Access to clean water and sanitation: the rural-urban gap closes

News this week
Many rural areas have free toilets Many rural areas have free toilets

The rural-urban divide in access to sanitation reduces: UN

In the year 1990, more than 76% people living in urban areas all over the world had access to improved sanitation as opposed to only 28% in rural areas but in 2012, 80% urban dwellers and 47% rural ones had access to better sanitation. Even as the gap is decreasing, urban areas where more than half of the global population lives are still better supplied with improved water and sanitation than villages according to the United Nation's 2014 report on global progress against the Millennium Development Goals on water and sanitation.

Cauvery tributary goes dry, thanks to illegal sand mining

Illegal sand mining and felling of trees in villages on the banks of the Suvarnavathi river in Chamarajanagar, Karnataka has rendered deep holes in the river bed. During the monsoon last year, the Suvarnavathi reservoir was almost full but the water released from it did not even flow up to a kilometre as it seeped through these holes dug to the sand being extracted. Government officials have visited only now after several complaints by farmers.

Drinking water supply a casualty in disaster-hit Uttarakhand

Of the 2800 odd drinking water schemes damaged during floods last year in the state, only 500 have been restored permanently. The rest are being restored temporarily because of which there is acute water shortage in about nine flood-hit areas. The water supply department is able to deliver only 20 litres per capita per day as against the full capacity of 40 litres per capita per day despite foreign funding.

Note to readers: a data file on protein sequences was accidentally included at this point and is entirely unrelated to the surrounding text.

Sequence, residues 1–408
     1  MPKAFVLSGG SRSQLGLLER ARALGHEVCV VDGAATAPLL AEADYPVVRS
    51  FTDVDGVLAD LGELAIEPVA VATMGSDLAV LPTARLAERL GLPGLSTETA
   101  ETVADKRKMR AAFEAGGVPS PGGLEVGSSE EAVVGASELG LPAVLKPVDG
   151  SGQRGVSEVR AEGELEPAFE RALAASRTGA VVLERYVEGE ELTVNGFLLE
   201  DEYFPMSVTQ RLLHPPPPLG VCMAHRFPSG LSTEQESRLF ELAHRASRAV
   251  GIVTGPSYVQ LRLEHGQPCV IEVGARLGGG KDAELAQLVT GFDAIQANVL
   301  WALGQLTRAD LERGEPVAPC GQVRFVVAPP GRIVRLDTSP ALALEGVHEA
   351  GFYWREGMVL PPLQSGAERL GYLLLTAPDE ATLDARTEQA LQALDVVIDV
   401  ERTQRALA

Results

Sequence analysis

Diarrhoea hits Andhra Pradesh in a big way

About five lakhs cases have been reported across the state since January this year, which is more than double the number of cases reported in all of last year. According to experts, the spike in diarrhoea cases is because of unsafe drinking water supply and lack of hygiene at roadside food joints. According to the Central Ground Water Board, groundwater in most parts of the state has also become unfit for drinking due to high content of fluoride, nitrate and iron. 

Low water level in Gomti threatens Lucknow's water supply

Water level in the Gomti went down so low last week that it became difficult to bring water to the pumping station that supplies water to 20 lakh people in the city. The administration had to order the Irrigation Department to release 100 cusecs of water into the river from the nearby Sharda canal to maintain its level but only a miniscule amount could be released. The residents have already started facing scarcity but there is no redressal of their complaints till now.

This is a weekly roundup of important news from May 18-24, 2014. Also read last week's policy matters updates.

 

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